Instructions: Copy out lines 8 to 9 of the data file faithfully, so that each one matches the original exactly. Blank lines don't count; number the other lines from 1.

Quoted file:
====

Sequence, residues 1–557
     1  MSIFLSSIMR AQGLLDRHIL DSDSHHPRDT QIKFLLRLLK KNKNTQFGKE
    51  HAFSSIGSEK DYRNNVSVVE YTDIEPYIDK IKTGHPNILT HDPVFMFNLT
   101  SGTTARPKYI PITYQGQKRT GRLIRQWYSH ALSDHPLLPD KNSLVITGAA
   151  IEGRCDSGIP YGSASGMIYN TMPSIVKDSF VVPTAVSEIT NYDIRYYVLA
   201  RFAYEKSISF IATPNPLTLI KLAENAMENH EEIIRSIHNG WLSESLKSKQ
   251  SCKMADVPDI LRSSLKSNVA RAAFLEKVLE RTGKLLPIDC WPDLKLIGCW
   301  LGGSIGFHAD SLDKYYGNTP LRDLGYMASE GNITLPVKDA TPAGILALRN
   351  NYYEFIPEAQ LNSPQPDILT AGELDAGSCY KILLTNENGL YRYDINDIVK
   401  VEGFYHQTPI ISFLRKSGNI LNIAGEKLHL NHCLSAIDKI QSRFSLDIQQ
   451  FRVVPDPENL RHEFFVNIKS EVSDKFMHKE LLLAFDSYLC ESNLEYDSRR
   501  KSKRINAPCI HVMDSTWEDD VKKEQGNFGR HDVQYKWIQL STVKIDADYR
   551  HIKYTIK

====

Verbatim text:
   301  LGGSIGFHAD SLDKYYGNTP LRDLGYMASE GNITLPVKDA TPAGILALRN
   351  NYYEFIPEAQ LNSPQPDILT AGELDAGSCY KILLTNENGL YRYDINDIVK